tab1
Table 1: Clay mineral contents and water diffusion coefficient of shale.
720271.fig.002
Figure 2: Experimental results of water diffusion in shale.

2.2. Chemical Effect of Drilling Fluid on Shale Mechanical Properties

The mechanical properties of shale can be altered seriously after contacting with drilling fluid. Existing forms of water in shale mainly include water vapor, solid water, bound water, adsorption water (film water), capillary water, and gravity water (free water) (Figure 3). Owing to the direct contact with drilling fluid around the wellbore, the free water of drilling fluid diffuses into shale under physical and chemical driving force. During the drilling process, the absorption water will increase, and the diffusion layer of rock particle will thicken, which will cause volume increase of shale and produce swelling stress. In order to calculate the swelling stress caused by hydration, the relation between water absorption and the swelling must be researched first through experiments. The experiment methods are similar to that used by Yew et al. [29]. The experimental results are shown in Figure 4.

720271.fig.003
Figure 3: Water existing states in shale [63].
720271.fig.004
Figure 4: Experimental results of shale swelling.

The experiment results show that the swelling strain in the direction perpendicular to the deposition surface is larger than that of the parallel direction, which is resulted from the difference of drainage and stress conditions in different directions in sedimentation [61, 62]. The relationship of water content and swelling strain is as follows: where and are the swelling strain in the direction perpendicular and parallel to the deposition surface, respectively; is the water content increment.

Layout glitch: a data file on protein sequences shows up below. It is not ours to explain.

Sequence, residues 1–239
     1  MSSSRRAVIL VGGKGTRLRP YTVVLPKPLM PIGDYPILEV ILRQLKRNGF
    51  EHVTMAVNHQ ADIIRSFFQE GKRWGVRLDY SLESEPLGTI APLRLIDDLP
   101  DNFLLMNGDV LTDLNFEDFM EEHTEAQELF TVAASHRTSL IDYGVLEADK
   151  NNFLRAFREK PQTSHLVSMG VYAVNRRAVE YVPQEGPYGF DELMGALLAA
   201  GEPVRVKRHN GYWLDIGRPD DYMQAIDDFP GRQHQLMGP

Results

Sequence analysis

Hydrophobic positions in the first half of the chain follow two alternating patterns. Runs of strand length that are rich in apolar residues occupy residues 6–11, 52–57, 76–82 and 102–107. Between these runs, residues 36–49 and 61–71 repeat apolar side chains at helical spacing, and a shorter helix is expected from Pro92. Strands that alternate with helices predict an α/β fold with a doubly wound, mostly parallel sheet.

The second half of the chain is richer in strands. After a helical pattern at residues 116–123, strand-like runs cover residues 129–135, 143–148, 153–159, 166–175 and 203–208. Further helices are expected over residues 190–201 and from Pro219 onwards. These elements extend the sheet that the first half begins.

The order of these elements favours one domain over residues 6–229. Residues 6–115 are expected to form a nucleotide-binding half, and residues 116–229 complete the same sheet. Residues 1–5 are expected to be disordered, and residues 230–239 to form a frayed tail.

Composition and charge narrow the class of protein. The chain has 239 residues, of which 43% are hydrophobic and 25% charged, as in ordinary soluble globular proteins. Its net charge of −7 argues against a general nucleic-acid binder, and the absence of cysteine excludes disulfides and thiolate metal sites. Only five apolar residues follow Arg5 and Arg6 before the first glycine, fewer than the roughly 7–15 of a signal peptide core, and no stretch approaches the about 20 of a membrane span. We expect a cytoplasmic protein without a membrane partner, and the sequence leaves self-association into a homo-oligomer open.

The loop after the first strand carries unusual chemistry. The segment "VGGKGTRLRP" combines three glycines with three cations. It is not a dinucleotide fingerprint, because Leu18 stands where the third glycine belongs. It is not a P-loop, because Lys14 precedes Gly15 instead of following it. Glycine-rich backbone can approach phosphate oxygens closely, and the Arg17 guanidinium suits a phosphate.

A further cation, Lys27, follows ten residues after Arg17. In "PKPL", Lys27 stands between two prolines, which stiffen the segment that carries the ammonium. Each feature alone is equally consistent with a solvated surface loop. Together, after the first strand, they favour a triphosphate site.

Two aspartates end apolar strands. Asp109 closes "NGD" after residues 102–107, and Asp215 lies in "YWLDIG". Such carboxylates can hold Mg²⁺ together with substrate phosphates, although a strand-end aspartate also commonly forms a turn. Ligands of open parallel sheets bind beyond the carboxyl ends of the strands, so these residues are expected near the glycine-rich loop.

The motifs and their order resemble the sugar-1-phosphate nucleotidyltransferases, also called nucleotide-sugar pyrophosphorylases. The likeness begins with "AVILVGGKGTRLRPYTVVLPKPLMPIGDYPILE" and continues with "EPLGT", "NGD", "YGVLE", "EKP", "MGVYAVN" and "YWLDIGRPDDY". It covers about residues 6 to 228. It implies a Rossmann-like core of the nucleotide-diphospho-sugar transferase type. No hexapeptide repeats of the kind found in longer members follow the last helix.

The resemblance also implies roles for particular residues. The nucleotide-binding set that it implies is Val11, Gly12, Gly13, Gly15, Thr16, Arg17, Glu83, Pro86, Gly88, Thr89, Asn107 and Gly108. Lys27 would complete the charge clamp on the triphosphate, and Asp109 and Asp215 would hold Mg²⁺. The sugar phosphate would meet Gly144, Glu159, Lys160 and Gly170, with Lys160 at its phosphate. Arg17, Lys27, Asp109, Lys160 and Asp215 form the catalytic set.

When contacting with drilling fluid, water sensitivity minerals of shale will absorb water and make a chemical reaction. Clay mineral in shale will react with the ions in drilling fluid [63, 64]: The properties of shale particle will change by above chemical reaction, and then weaken the cohesive force between shale particles, which will soften the shale and weaken the strength.

In order to evaluate wellbore stability after shale hydration, the mechanical properties of shale after hydration must be researched. In order to ensure the uniformity of the core samples used in the experiment, the compressive acoustic wave velocities of core samples were tested. Only the samples whose velocity is close are chosen. The core samples are shown in Figure 5. The samples are immersed in KCL drilling fluid at the temperature of 55°C. MTS-816 rock test system (Figure 6) was adopted to test shale mechanical properties. The experiment results are showed in Table 2.

tab2
Table 2: Experiment results of cores immersing in drilling fluid.
720271.fig.005
Figure 5: Standard samples of shale.
720271.fig.006
Figure 6: MTS-816 rock test system.

The relationship of rock mechanical parameters with water content increment is obtained by the experimental results: where is the Young’s modulus; is the Poisson’s ratio; UCS is the unconfined compressive strength.